Today's Scriptural Meditation Readings:
February 18, A.D. 2007
Scripture from today's Liturgy of the Word:
1 Samuel 26:2, 7-9, 12-13, 22-23
Psalm 103:1-2, 3-4, 8, 10, 12-13
1 Corinthians 15:45-49
A brief reflection on today's Scripture passages:
In today's Gospel, Jesus says "Love your enemies; do good to those who hate you." I wonder how many of his listeners, who heard this for the first time, gave a disgusted snort and walked away. Of course, if they knew their Scriptures, they would have realized that their great hero, the young shepherd-warrior, David, showed incredible love and forgiveness for his enemy, King Saul. Saul was filled with jealous hatred for David because he feared that this popular hero would steal his crown and rule in his place. So Saul and his men combed the desert for David, seeking to kill him. But God intervened, placing the King and his soldiers in a deep sleep. David crept into the camp during the night, and seeing the King asleep, carefully removed the sword and water jar from near Saul's head and ran with them to a bluff above the camp. When the king was awakened with David's shouting, he realized that his life had been spared. He began to weep repentant tears, and sought David's forgiveness.
In today's Gospel, Jesus tells His hearers that they must forgive and love everyone, even their enemies. Now Jesus knew what He was asking. Nothing is more difficult than to love those who hate us. It goes against the grain. Only God's grace can give us the strength to do this. Jesus expands on this teaching with the "Golden Rule"—“Do unto others as you would have them do unto you." (How different from the Jewish Law that said, "An eye for an eye and a tooth for a tooth.") Jesus concluded His remarks with the shocking news that, on the Last Day, His Heavenly Father will dole out the same amount of mercy to us that we have shown to others in this life! He thereby made love a command. Who would want to take the chance of being damned because of a bad record? After all, loving everyone, even when it's difficult, brings us salvation. No wonder it is said that God doesn't put anyone in hell. We put ourselves there!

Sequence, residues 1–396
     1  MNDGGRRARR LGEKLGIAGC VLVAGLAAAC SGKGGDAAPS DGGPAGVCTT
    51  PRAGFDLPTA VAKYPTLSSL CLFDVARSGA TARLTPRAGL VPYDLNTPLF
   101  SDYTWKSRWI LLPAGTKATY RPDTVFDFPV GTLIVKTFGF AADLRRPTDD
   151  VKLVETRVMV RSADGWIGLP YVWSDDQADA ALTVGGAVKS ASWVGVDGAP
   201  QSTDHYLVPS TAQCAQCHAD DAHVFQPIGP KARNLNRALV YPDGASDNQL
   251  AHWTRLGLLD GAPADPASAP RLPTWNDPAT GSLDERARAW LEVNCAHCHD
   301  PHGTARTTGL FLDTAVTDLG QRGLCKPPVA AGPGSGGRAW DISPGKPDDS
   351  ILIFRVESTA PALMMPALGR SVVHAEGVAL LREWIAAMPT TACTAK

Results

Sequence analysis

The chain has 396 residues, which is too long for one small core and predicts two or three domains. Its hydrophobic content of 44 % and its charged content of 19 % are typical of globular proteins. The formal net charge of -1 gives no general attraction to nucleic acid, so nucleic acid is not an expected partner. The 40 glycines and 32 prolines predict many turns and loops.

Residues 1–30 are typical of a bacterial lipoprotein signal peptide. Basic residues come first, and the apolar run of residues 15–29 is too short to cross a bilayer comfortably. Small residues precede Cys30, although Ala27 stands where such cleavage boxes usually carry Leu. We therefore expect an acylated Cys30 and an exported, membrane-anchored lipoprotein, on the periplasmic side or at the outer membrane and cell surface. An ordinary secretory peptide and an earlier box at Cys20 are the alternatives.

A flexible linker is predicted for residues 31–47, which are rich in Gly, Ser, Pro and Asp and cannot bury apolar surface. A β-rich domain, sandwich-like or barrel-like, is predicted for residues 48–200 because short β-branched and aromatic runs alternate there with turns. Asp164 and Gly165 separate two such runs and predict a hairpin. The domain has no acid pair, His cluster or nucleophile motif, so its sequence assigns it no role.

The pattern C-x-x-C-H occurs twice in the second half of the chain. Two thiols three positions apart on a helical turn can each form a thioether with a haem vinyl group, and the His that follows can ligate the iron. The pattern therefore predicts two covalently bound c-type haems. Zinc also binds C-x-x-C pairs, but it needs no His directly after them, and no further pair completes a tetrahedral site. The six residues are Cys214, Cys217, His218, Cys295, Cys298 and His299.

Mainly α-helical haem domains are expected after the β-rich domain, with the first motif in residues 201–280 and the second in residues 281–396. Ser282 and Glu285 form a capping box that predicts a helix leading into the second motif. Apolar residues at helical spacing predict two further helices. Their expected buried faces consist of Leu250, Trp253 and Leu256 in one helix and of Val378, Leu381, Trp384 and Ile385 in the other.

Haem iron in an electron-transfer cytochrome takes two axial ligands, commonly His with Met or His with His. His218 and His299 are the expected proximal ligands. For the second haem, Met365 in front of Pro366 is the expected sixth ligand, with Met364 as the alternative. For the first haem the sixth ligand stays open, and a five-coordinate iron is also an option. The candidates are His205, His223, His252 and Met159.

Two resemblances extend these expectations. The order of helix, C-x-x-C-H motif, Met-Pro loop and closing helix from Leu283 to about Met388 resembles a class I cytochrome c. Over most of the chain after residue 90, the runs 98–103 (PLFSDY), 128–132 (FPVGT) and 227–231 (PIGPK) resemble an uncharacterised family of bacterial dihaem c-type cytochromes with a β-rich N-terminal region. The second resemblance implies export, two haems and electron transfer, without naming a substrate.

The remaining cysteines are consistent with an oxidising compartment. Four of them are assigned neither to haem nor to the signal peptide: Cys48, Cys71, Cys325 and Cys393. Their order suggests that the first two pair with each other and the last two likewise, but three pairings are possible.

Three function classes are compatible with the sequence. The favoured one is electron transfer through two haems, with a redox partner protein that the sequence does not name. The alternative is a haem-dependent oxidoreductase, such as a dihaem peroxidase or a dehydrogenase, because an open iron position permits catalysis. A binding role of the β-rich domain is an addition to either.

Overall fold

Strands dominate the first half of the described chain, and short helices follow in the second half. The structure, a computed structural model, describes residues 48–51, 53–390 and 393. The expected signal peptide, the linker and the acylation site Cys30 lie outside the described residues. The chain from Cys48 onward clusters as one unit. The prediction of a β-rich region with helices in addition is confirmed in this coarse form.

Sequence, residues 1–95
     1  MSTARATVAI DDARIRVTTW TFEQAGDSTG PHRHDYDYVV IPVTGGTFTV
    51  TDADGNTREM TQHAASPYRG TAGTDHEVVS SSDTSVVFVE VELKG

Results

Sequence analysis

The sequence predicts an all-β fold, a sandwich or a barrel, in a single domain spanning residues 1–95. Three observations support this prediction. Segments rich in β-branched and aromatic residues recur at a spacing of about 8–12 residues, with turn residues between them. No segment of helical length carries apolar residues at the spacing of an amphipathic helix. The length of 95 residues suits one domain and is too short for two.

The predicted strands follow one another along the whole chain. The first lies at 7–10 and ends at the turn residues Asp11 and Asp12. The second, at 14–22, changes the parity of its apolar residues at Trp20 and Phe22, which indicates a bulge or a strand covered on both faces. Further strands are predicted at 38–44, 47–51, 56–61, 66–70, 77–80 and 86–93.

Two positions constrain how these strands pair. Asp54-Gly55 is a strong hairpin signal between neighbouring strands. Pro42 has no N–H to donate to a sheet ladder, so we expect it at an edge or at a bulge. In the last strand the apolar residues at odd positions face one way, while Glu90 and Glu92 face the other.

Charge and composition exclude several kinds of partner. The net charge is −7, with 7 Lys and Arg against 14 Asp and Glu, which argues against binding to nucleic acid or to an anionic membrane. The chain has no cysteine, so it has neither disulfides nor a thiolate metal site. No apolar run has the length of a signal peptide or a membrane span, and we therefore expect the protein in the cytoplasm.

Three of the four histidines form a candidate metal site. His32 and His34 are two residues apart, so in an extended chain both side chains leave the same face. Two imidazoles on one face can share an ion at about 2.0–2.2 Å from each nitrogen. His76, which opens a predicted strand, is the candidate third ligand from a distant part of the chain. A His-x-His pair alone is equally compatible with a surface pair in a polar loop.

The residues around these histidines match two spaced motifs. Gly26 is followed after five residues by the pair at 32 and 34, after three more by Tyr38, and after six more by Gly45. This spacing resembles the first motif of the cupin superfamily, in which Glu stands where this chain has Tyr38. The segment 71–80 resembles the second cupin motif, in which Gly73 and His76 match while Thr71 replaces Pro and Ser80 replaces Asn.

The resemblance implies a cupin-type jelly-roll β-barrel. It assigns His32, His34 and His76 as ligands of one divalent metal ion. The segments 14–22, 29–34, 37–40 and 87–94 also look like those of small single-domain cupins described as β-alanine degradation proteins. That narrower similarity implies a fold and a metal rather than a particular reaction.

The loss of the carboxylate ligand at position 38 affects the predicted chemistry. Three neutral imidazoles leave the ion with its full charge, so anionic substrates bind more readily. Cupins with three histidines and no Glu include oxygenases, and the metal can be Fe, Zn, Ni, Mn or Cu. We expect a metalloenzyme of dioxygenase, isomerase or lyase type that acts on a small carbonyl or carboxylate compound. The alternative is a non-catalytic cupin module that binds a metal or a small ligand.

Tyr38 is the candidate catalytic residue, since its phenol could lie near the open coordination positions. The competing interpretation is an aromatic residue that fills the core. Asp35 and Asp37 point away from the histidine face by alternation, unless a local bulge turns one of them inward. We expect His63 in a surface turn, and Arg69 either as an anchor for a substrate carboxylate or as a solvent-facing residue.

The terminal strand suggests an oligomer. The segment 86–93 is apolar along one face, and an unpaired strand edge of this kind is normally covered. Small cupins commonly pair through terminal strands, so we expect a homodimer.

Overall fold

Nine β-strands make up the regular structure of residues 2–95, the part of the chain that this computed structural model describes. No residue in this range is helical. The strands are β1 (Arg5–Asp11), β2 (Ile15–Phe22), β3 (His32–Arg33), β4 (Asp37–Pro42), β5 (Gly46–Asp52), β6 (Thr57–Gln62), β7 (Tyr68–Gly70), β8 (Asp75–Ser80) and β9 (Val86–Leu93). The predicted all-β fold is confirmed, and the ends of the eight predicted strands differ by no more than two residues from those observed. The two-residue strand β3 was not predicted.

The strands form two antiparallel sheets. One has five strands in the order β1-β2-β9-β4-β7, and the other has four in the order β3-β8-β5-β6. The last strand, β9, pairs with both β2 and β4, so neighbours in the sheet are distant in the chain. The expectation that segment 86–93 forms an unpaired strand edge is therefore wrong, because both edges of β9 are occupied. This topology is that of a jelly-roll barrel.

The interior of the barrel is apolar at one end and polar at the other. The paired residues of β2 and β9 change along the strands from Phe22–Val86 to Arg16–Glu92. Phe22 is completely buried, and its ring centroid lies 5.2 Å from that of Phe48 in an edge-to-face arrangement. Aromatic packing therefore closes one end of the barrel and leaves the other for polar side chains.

Where on earth can we find the strength to love those who despise and hate us? Good psychologists tell us that we're both demon and dove. St. Paul tells us the same thing—we're part "natural man" and part "spiritual man." If we remain attached to the demons of selfishness and follow the "old" Adam, we'll never make it. If, rather, we allow the dove in us to flourish, then the spiritual power of Jesus, the "new" Adam, will help us shun hateful actions, and grow in new ways of forgiveness and love.
New decisions to abandon our selfish ways and embrace a new gentleness in our ways of handling "enemies" is a great way to prepare ourselves for the exciting journey of Lent. It all begins this Wednesday.
- Msgr. Paul Whitmore
(pwhitmore29 at yahoo dot com)
February 18, 2007
The Seventh Sunday in Ordinary Time
Lives of the saints:
Full Scripture text from today's Liturgy of the Word:
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